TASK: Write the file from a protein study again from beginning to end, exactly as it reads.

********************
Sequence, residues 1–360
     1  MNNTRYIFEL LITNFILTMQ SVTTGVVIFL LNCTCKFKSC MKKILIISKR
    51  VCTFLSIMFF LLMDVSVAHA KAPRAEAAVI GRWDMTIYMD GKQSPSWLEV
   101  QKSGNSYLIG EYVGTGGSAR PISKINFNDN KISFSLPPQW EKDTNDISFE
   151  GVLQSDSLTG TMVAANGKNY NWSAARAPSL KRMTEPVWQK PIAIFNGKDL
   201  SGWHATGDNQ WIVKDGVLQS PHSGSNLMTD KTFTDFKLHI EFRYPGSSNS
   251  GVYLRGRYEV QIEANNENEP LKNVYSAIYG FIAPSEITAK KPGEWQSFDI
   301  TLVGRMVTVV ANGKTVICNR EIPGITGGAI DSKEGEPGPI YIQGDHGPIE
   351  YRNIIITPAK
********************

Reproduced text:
Sequence, residues 1–360
     1  MNNTRYIFEL LITNFILTMQ SVTTGVVIFL LNCTCKFKSC MKKILIISKR
    51  VCTFLSIMFF LLMDVSVAHA KAPRAEAAVI GRWDMTIYMD GKQSPSWLEV
   101  QKSGNSYLIG EYVGTGGSAR PISKINFNDN KISFSLPPQW EKDTNDISFE
   151  GVLQSDSLTG TMVAANGKNY NWSAARAPSL KRMTEPVWQK PIAIFNGKDL
   201  SGWHATGDNQ WIVKDGVLQS PHSGSNLMTD KTFTDFKLHI EFRYPGSSNS
   251  GVYLRGRYEV QIEANNENEP LKNVYSAIYG FIAPSEITAK KPGEWQSFDI
   301  TLVGRMVTVV ANGKTVICNR EIPGITGGAI DSKEGEPGPI YIQGDHGPIE
   351  YRNIIITPAK